4) Rough handling

5) Production faults

Ottawa treaty

The Ottawa treaty or the mine ban treaty which was earlier known as convention on the prohibition of the use, stockpiling, production and transfer of anti personnel missiles on their destruction, bans all anti personnel landmines. In October 1996, an issue challenged by Canada was responded and on December 1997, 122 countries intended to implement the treaty. To become international law 40 ratifications were required. On January 1999, it became binding among the ratified states.

As of January 2011, 156 countries have signed and ratified the treaty. There are some countries which have signed the treaty but did not ratify it like Poland. There are still 37 countries who have not signed this treaty like China, India, and Russia.

India

The main reason of tension in India is its issue with Pakistan for the state of Jammu and Kashmir. The explosive remnants of war threat in India is in this state. Landmines and other such types of ordnances are planted in that land which is either cultivated or uncultivated near defence areas.

Another factor which contributes the problem of explosive remnants of war is the use of weapons by major security agency like NSA (national security agency). According to sources there has been general downward trend in the amount of ordnances by Indian security forces . (source)

There is very little data available on the impact of explosive remnants of war in India. The Indian armed forces are directly responsible for mines clearance activities throughout the country. India is one of the major countries which have played a major role in the UNCCW process and has ratified all protocols except for the protocol V on explosive remnants of war. India is one of the countries which have not signed the Ottawa treaty.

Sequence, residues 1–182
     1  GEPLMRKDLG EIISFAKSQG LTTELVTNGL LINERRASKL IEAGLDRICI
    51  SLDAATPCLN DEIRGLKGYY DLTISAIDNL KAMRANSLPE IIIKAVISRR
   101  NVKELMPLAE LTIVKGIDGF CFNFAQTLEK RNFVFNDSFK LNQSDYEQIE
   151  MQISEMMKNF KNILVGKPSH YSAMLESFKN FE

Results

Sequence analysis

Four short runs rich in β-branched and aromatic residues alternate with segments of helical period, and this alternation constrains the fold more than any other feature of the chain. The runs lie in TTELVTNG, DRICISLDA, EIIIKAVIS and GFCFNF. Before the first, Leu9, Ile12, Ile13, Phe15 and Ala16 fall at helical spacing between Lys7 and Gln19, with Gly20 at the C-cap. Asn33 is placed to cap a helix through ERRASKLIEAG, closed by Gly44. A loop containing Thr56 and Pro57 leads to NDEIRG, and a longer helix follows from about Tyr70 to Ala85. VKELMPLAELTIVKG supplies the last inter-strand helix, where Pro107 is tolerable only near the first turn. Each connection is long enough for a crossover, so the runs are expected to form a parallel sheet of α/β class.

Other least developed countries which have been affected by this and which are trying to get rid of this matter and has made certain legislation or laws regarding the explosive remnants of war like Iran, Palestine etc According to assessment made available to landmines action it is unexploded ground and air delivered ordnances which are particularly threats to most of the countries. There are threats of explosive remnants of war originating from counter revolutionary groups fought against the central government.

There are lots of efforts made by the government of different countries to address these problems like the establishment of several committees at national level like National Committee of Demining in Iraq, which serves as the national mine action regulatory body and is also responsible for regulating, planning, and coordinating all mines action activities throughout the country.

Where people are living among ordnances contamination, the deliberate engagement in dangerous practices by children can also lead to adult engagement with ordnance. Sometimes people don’t not wait for official clearance teams to come in and take matters into their hands, attempting to burn them. Sometimes the local population may feel it is better to address the problem than to leave the items lying around where children can engage with them.

Conclusion

There is no objective of casualties and fatalities caused by explosive remnants of war. The data available is not sufficient enough to draw meaningful conclusion about the weapon system. It is evident from the causality statistics that the highest rate of causalities is in the period immediately after the return to normal life.